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University of Minnesota Extension

Spring Alfalfa Termination

Source: Nathan Drewitz, University of Minnesota Extension

FOLEY, Minn. (05/04/2022) — So far winter injury issues are not a concern for alfalfa stands throughout the region. We had plenty of snowfall through the winter months and for the most part temperatures have remained mild enough to prevent ice sheeting. This means that the larger concerns will be for stands that are starting to age and thin out due to other issues. This is one of those questions that comes up quite often. For those stands that are less than adequate (<40 stems per square foot), what are the alternative options or should the stand be terminated? With alternative management, consider the cost and benefits of trying to maintain the stand versus termination. For those stands that alternatives will not be cost effective to maintain, termination will be the next step. 


Spring termination does have its benefits as there is some potential for a late May harvest prior to termination and can provide soil cover to help prevent erosion. Termination of alfalfa using herbicides is typically done using 2,4-D, dicamba, and glyphosate. Check the label of the alfalfa variety that was planted for glyphosate resistant traits. If you planted glyphosate resistant alfalfa, glyphosate application will not help with termination. Also, make sure to follow the herbicide label’s plant back restrictions on whatever crop you are planting following termination. One other benefit is the potential nitrogen that comes from a terminated stand of alfalfa. The amount of nitrogen present can be up to 200 pounds stored in the plant and may be enough to supply corn planted in the first year following termination with its nitrogen requirements. The disadvantage of this route is the decomposition of alfalfa and release of nitrogen may not be fast enough to supply the entire needs of the corn crop grown in the first year following termination. Scout fields looking for Nitrogen deficiencies in the corn and supply extra Nitrogen where needed.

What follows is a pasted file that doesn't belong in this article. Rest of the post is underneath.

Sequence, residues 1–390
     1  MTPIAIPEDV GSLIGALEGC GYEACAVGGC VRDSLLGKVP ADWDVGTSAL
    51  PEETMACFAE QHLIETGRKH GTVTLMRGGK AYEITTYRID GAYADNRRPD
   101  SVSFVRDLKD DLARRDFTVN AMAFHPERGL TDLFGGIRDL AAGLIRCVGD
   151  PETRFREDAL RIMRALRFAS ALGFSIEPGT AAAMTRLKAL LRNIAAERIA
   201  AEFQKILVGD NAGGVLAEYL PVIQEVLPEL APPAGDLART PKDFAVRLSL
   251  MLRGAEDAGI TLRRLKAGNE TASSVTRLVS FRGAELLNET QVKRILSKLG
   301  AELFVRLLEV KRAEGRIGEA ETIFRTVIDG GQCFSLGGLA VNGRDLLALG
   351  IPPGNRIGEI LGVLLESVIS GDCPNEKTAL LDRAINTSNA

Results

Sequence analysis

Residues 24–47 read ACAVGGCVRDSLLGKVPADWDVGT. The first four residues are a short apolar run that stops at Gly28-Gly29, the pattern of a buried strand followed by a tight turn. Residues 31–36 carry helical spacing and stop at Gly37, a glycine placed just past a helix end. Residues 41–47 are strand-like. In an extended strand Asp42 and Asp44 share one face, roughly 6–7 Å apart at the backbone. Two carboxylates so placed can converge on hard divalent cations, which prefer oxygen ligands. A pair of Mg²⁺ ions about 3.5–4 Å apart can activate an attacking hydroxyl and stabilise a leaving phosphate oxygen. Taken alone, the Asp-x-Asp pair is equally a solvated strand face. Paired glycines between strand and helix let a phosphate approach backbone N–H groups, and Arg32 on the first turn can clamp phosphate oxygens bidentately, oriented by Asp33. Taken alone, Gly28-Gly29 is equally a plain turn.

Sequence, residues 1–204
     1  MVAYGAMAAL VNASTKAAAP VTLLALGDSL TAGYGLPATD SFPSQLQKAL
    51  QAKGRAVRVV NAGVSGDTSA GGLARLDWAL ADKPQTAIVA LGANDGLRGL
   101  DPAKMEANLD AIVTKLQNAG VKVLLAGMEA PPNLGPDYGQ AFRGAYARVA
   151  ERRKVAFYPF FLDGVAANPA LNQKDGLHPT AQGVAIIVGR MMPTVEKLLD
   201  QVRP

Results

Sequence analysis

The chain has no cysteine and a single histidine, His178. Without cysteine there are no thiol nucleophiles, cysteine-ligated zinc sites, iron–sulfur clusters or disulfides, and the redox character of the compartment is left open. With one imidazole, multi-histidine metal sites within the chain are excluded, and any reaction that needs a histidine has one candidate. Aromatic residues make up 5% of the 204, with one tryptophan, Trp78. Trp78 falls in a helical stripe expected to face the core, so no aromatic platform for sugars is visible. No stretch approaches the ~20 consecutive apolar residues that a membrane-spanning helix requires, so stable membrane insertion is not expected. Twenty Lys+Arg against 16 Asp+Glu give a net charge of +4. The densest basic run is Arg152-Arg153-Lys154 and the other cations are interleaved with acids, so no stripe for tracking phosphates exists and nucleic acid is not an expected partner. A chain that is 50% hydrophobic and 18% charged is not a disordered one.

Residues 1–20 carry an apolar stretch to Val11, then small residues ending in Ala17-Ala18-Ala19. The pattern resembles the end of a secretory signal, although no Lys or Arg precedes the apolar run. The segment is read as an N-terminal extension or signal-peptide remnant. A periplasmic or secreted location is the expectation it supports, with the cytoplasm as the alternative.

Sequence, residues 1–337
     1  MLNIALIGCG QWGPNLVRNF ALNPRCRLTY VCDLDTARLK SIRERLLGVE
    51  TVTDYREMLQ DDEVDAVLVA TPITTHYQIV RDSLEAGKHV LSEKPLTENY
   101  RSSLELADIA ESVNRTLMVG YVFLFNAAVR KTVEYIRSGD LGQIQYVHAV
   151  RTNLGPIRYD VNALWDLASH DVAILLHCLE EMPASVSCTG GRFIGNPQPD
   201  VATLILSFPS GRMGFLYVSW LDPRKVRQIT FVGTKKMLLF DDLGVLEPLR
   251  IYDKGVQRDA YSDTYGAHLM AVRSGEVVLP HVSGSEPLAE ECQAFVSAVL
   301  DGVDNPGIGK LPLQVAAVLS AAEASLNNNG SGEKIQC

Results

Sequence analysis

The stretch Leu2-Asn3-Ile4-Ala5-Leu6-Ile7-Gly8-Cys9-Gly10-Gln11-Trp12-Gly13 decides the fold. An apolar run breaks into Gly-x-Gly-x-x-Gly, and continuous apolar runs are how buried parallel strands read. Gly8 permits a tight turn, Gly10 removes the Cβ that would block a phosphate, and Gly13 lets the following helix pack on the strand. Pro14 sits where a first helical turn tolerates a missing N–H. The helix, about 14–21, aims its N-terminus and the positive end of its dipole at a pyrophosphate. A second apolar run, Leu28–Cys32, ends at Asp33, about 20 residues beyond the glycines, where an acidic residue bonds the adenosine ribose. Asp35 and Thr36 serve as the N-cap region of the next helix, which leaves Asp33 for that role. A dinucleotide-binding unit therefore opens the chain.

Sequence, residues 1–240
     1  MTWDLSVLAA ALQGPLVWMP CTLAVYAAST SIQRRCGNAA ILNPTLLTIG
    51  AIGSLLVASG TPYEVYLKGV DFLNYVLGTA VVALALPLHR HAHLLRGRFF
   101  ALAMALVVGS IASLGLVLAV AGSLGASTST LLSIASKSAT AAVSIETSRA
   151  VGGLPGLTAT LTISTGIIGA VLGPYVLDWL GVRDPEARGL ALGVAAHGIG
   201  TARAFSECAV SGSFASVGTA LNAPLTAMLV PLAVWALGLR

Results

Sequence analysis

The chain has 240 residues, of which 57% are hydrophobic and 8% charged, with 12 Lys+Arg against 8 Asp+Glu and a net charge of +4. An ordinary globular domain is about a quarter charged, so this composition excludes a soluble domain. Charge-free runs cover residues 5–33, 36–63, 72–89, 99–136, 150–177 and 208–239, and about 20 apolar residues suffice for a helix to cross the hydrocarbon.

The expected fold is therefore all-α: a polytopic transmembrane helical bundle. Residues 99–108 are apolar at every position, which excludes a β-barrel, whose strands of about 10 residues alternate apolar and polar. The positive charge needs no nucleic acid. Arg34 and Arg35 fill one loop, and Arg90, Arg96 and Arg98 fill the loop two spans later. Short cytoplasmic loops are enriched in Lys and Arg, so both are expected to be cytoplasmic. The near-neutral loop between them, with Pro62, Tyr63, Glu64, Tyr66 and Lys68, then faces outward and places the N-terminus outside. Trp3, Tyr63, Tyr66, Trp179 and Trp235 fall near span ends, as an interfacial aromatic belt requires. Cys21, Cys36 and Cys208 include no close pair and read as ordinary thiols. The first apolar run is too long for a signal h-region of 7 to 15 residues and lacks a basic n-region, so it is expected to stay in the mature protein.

Since corn is typically grown following alfalfa stand termination, be aware that delayed planting may be an issue. Planting dates of corn usually happens prior to alfalfa reaching 4 inches tall which is around the height that herbicides are applied. Plant back restrictions need to be followed in this situation and may require a couple of weeks before corn can be planted. Alfalfa also uses water at a higher level than other crops. Other options such as planting drought-tolerant corn hybrids should be considered in fields with limited in-season moisture.


If you have questions on the above information, please feel free to email me at ndrewitz@umn.edu, or call at 608-515-4414. To receive future events, educational programming, and agronomic updates by email, signup at z.umn.edu/tricountysignup.  

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